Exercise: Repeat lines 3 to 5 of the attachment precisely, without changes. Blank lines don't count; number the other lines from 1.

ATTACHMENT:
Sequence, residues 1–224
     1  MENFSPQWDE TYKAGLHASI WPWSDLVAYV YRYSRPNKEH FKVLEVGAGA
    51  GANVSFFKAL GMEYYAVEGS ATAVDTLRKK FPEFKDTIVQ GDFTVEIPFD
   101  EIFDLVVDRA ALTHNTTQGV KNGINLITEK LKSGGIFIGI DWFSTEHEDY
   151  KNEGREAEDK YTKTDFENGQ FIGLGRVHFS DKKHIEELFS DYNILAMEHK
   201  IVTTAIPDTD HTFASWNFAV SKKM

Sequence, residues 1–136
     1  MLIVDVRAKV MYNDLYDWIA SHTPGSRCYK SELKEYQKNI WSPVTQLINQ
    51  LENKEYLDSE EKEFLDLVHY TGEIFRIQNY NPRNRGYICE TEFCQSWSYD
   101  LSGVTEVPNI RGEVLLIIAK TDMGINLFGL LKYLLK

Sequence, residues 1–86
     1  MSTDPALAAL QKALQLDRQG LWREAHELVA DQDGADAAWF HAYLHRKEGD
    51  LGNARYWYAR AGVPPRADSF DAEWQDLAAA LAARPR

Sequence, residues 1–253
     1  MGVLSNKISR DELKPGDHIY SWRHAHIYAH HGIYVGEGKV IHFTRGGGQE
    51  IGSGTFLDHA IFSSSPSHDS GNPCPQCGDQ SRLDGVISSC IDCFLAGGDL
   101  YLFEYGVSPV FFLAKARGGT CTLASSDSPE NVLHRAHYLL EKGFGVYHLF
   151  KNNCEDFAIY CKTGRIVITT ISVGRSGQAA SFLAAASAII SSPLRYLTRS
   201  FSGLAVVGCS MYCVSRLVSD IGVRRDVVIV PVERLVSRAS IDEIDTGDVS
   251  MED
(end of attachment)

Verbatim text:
    51  GANVSFFKAL GMEYYAVEGS ATAVDTLRKK FPEFKDTIVQ GDFTVEIPFD
   101  EIFDLVVDRA ALTHNTTQGV KNGINLITEK LKSGGIFIGI DWFSTEHEDY
   151  KNEGREAEDK YTKTDFENGQ FIGLGRVHFS DKKHIEELFS DYNILAMEHK